It’s a common sight to see dog owners taking their pets out for a walk, and the latter using the opportunity to relieve themselves. But it is rare to see a pet owner picking up the waste left behind by their pets, instead of allowing it to lie on the road. While there have been concerted efforts to discourage open defecation in Pune, city authorities have done little to keep public spaces free of animal faeces.
In the absence of any law to make pet owners clean up the waste, very few of them bother to do so. Most of them point to the littered public places or ask questions like “What about street dogs? Who is stopping them from littering public roads?”. Many believe that if their pet dog relieves itself outside their residence, then it’s the responsibility of the Pune Municipal Corporation (PMC) to clean it up. “I own two dogs and they generally don’t defecate outside the house… but when they do so in the society premises, I don’t clean it myself, the cleaning staff does. If the dogs relieve themselves on the streets, there’s no need to bother as the PMC staff or sweepers clean it… if it urinates on someone’s door, I clean it,” said Rajwardhan Jarag, a resident of Ramnagar Society, Katraj.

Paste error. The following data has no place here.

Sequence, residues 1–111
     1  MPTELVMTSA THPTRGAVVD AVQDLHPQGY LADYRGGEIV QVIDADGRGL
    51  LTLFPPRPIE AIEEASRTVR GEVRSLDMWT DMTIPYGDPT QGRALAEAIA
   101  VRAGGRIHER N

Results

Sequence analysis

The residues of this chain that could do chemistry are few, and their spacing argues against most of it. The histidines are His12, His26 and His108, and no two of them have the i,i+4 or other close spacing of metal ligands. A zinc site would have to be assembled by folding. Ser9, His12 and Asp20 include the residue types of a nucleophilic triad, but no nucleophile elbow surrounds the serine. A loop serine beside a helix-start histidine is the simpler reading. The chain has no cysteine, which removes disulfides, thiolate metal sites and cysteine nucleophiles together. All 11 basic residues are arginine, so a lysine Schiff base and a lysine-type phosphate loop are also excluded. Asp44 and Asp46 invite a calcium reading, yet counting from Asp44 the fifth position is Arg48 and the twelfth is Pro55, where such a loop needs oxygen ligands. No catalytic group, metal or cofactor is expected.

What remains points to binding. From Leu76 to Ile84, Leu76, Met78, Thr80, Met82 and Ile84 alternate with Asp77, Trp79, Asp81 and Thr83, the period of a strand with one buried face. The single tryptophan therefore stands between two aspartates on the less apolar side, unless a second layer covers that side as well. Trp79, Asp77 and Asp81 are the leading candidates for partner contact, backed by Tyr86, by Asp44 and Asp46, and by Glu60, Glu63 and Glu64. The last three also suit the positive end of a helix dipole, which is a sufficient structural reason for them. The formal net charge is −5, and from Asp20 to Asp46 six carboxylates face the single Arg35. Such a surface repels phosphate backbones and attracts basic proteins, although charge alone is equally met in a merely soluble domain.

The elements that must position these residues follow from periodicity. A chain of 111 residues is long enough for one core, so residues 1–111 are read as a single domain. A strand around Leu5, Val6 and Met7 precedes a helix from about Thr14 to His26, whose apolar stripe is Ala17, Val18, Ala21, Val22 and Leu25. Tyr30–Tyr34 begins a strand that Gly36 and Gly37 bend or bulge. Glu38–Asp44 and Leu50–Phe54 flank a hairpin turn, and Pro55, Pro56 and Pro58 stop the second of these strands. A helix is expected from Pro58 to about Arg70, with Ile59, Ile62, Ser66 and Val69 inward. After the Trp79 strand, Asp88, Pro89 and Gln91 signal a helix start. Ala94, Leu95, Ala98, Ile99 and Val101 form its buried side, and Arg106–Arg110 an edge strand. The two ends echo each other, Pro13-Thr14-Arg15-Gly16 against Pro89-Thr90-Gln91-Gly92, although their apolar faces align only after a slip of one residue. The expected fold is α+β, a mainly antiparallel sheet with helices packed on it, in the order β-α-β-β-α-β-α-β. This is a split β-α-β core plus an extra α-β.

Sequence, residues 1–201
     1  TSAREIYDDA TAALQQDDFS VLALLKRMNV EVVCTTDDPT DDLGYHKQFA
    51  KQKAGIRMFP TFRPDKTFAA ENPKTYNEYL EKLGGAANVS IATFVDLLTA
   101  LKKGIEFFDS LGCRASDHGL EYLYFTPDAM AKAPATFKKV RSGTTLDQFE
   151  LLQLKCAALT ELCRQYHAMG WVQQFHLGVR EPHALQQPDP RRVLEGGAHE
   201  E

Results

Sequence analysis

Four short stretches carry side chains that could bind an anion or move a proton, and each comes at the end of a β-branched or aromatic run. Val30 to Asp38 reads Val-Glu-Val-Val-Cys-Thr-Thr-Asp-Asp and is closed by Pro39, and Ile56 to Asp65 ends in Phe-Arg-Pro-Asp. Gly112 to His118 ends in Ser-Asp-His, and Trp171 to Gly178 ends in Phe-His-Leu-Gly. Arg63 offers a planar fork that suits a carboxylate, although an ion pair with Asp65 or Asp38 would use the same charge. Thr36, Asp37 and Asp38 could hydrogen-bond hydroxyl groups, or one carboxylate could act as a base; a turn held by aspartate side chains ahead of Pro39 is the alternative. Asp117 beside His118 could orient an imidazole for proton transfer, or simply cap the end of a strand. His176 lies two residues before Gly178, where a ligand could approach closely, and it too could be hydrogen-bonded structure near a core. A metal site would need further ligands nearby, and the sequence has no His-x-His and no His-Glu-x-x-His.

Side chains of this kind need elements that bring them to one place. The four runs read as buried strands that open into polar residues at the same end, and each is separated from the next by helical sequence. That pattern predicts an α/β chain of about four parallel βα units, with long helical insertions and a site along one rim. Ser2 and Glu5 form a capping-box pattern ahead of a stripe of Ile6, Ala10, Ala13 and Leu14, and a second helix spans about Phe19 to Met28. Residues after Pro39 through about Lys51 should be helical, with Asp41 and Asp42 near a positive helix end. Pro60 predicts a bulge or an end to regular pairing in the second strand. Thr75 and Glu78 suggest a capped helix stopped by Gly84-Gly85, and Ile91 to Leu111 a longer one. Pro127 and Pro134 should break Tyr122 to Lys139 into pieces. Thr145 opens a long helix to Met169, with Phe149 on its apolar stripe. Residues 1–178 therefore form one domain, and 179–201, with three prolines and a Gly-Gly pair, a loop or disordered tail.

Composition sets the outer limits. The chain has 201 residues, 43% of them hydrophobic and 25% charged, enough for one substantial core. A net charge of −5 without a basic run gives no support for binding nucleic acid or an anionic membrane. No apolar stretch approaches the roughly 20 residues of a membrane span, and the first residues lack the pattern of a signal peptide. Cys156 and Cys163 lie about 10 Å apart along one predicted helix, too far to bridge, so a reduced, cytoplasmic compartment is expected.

A few mohalla committees in the city have taken steps to make pet owners behave more responsibly. As per SM Kamble, a sanitary Inspector with the Ghole Road ward office of the PMC, the Bhosale Nagar Mohalla Committee has repeatedly followed up on the issue and even requested the PMC’s Solid Waste Management Department to fine dog owners if they refuse to clean up after their dogs.“We started to implement the fine system last year. We also tried to raise awareness by approaching residential societies… we have put up notices in societies in areas such as Bhosale Nagar, Apte Road, Model Colony, Mangalwadi Society off S B Road.
Some pet owners respond positively, others don’t,” said Kamble. He said his personnel have imposed fines of Rs 500 fine on several pet owners for “littering public places”, but this has led to acrimonious exchanges. Uma Karve, who runs a pet shop as well as a quarterly magazine for pet owners, blamed the ‘laziness’ of dog owners. However, she said that penalising the dog owners won’t work, but raising awareness may yield results.
According to Malati Gadgil of SwaCH, wastepickers and road sweepers often face issues due to the dog waste lying on the road. Another issue is that even if the owners pick after their dogs and drop the waste in the garbage bin, there’s no way to segregate it. “It’s mixed with the wet or dry waste… the solution could be for the PMC to have separate bins for dog waste, which can then be picked up and used for biogas production. Also, it’s a must to have more bins along the road,” said Malati. Of course, some pet owners do consider it their responsibility to clean up after their dogs. Priya Mulgund, a resident of Apte Colony, said “… Whenever we take our dog Tosho out, and he defecates, we carry a bag and clean it ourselves. It’s important to keep the area hygienic….”